Sierra history: Big risk, big money came with Comstock mining
Special to the Bonanza
This is the first in a two-part series. Look for Part Two to be published in May.
TAHOE-TRUCKEE, Calif. — If you haven’t been to Virginia City, Nev., recently you’re in for a surprise, but probably not a pleasant one.
For several years now, Comstock Mining Incorporated has run a massive open pit excavation operation on the old Comstock Lode in the Virginia Range.
The resumption of large-scale mining adjacent to the Virginia City Historic District has upset residents and businesses alike. The federal government has designated the integrity of the nationally recognized landmark as “threatened.”
Nevada has had a close relationship with mining since its first days as a territory in the early 1860s and it is a major component of its economy.
Although the primary ore in the 19th century Comstock bonanza was silver, today the state produces about 80 percent of all the gold in the United States.
And just like back in the days of the Wild West, mining companies pay no royalties to the federal government on any precious metals extracted from public lands under provisions included in the 1872 General Mining Act.
Unlike in the past when gold or silver strikes attracted thousands of people to mine, work and build the Silver State’s first communities, most of today’s operations are in remote rural areas where modern machines and technologies require only a fraction of those numbers for its workforce.
Many, if not most, Virginia City residents feel that Comstock Mining Inc. is hurting their community rather than helping it.
WILDLY PRODUCTIVE MINES
Mining is environmentally disruptive, physically dangerous work. Like the California Gold Rush that preceded it by a decade, the 1859 discovery of precious metals in what was then western Utah Territory lured tens of thousands of adventurous, sometimes desperate souls to that region.
The mining excitement grew rapidly in the new Nevada Territory (1861), and the Comstock Lode near Virginia City quickly become one of the world’s greatest producers of silver and gold, with all the peripheral business opportunities commensurate with a 19th century Gold Rush.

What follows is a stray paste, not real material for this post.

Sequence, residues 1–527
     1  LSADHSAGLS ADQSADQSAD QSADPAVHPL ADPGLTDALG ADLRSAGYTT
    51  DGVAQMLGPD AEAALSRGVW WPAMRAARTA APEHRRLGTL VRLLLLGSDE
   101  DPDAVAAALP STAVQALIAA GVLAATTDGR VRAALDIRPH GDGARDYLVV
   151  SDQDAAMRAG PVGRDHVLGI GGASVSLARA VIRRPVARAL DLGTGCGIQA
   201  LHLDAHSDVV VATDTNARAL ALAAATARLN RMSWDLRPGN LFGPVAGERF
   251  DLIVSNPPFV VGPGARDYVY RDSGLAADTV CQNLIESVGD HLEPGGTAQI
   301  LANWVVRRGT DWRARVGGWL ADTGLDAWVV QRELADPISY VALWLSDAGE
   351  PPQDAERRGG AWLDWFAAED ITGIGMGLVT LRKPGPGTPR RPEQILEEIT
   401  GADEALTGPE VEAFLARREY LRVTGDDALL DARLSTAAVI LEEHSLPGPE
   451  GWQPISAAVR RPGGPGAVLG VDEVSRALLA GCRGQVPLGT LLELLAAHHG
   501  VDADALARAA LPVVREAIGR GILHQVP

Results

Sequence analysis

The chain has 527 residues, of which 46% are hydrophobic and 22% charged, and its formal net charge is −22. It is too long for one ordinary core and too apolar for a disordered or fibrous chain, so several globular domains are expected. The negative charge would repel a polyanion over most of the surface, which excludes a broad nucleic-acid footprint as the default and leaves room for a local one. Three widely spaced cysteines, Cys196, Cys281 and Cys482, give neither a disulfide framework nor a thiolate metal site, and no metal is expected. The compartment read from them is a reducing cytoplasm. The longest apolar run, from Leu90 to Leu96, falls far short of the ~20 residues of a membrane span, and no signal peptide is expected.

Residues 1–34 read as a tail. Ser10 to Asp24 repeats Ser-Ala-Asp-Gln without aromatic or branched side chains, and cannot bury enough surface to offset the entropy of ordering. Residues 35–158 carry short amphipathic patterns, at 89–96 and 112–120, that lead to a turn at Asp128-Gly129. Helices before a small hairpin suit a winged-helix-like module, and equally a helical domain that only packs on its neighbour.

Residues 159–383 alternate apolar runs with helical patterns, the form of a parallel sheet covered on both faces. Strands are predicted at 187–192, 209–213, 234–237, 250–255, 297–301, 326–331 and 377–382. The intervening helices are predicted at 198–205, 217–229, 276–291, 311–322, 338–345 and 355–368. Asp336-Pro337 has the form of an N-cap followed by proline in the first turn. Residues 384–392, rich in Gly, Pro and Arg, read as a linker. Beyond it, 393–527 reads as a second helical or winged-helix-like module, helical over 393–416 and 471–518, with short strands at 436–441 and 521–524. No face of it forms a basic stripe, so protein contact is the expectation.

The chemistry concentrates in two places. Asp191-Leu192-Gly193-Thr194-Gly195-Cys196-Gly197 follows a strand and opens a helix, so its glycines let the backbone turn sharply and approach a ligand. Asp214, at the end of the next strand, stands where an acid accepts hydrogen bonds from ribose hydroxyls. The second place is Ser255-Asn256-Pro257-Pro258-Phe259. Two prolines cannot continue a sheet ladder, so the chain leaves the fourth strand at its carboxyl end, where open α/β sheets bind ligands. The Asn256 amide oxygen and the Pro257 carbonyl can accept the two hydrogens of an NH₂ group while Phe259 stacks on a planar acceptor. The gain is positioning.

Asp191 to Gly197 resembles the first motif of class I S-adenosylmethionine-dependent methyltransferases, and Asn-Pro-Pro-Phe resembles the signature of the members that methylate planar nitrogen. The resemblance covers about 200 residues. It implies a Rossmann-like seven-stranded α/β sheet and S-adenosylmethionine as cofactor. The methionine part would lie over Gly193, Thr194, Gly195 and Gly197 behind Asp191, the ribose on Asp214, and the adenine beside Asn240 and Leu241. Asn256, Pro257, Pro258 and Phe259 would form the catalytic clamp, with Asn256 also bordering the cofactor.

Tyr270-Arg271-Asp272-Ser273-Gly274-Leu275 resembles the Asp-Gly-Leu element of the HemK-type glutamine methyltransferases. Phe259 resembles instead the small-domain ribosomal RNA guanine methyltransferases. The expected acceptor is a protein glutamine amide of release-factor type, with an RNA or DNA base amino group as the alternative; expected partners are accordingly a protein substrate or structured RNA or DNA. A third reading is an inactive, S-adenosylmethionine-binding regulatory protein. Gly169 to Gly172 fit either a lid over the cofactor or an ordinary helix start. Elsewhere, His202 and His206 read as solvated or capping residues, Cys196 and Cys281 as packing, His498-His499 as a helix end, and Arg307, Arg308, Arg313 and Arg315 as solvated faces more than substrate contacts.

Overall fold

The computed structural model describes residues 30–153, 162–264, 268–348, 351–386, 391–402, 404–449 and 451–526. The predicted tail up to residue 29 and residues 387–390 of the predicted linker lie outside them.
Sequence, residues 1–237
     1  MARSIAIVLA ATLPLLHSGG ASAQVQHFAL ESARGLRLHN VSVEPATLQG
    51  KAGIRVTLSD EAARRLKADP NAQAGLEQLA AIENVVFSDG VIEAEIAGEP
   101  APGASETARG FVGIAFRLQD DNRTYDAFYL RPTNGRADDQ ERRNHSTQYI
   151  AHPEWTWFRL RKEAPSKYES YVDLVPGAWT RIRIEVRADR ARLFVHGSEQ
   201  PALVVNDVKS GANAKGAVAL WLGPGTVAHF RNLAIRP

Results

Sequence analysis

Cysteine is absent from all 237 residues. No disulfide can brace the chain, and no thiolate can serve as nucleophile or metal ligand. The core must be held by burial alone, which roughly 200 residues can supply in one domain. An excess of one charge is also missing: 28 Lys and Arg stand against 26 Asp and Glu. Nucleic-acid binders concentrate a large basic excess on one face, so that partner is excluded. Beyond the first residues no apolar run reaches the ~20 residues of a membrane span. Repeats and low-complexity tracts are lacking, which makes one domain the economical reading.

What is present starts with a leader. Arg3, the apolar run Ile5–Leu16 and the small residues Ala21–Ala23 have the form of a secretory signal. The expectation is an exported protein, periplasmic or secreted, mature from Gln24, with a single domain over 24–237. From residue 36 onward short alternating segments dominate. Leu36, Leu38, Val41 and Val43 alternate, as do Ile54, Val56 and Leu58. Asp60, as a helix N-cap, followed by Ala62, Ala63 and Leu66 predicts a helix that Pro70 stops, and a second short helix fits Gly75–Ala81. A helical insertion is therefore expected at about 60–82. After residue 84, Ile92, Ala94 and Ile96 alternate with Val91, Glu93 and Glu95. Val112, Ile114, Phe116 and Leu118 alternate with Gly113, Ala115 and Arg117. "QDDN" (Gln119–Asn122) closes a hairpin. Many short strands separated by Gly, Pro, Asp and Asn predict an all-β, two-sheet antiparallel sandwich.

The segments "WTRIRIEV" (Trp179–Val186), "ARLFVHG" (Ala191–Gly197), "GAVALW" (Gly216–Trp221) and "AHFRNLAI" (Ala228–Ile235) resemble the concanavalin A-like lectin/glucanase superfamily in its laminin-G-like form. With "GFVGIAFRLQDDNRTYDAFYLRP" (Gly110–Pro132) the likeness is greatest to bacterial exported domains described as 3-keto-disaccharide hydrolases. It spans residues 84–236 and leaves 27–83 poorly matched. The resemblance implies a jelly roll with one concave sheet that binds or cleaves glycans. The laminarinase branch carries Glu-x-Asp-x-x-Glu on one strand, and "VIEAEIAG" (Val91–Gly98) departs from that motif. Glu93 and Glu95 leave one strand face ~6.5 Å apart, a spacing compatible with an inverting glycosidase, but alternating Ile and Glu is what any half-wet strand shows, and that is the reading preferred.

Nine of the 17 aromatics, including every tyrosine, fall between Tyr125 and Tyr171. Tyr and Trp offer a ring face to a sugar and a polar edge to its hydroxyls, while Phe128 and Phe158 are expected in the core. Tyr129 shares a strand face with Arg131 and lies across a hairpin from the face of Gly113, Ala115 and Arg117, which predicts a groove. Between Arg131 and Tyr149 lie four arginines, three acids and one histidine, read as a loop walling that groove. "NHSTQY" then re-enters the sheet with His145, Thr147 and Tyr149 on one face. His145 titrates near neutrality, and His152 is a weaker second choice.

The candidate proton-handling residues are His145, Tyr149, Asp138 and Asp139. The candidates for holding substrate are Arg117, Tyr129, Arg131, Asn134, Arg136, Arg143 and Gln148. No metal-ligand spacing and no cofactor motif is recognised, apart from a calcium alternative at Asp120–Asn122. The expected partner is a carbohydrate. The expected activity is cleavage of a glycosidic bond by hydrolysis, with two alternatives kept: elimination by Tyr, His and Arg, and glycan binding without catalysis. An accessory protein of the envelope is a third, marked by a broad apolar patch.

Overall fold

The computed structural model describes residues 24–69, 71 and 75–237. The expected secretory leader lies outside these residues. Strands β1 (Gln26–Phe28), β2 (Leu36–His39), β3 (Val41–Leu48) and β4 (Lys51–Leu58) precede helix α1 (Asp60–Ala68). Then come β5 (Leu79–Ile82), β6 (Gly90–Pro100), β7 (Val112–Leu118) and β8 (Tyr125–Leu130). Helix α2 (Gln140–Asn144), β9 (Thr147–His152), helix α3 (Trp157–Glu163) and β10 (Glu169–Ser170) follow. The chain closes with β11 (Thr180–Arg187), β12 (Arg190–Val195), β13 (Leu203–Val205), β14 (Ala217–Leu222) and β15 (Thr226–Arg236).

But unlike California’s nearly pure placer gold dust and nuggets that miners picked and scratched from diverted stream and river beds, or eroded out of whole mountainsides with powerful hydraulic water cannons, the high-yield silver and gold ore located in the Virginia Range was buried in rock hundreds and sometimes thousands of feet below the Earth’s surface.
California’s mining camps were scattered north and south more than 200 miles along the gold-bearing “Mother Lode” on the Sierra Nevada west slope, but Nevada’s rich deposits were concentrated in a relatively small location only about six miles wide.
These wildly productive mines gave birth to a densely populated, industrialized city of about 25,000 people, but the life of a typical hard-rock miner in Virginia City was not all oysters and champagne. In fact, most of the men who rode the shaft elevator down into the hot, stifling tunnels, considered it a “daily descent into Hell.”
SKILL, BRAINS AND BRAWN
Within the bowels of Mount Davidson, the relentless digging had led to a stubborn stalemate.
As the miners burrowed deeper into the earth, they inhaled filthy, foul-smelling air, and breathing became nearly impossible.
Candlewicks burned with a faint blue-green flame, and at the deeper levels, the rocks heated to temperatures exceeding 130 degrees.
Stripped to the waist, the exhausted miners were doused with cold water melted from ice harvested in the Truckee River canyon.
Harvested in December or January, the blocks of “hard water” were stocked in massive, insulated storage rooms. Each miner was allocated 95 pounds of ice per day. It barely kept them alive during their eight-hour shift.
It took skill, brains and brawn to work a Nevada mine day after day and survive. Many of the men who did were Cornish miners from Cornwall, England, who had fled a severe economic depression at home for a well paying job on the Comstock.
Many Cornish families had struggled for years in impoverished tin and copper mining towns and they had created such a tight-knit community and camaraderie that you almost had to be Cornish to work in many Nevada mines.
Other miners called them “Cousin Jacks” from an oft-told story that whenever an opening for a new miner occurred, a Cornishman would quickly step up and say in Celtic English, “Ah, now, I know who can fill it. Me cousin Jack, ‘e’s a good man. I’ll bring ‘im along.”
Stay tuned for Part 2.
Tahoe historian Mark McLaughlin is a nationally published author and professional speaker. His award-winning books are available at local stores or at thestormking.com. You can reach him at firstname.lastname@example.org. Check out his blog: tahoenuggets.com.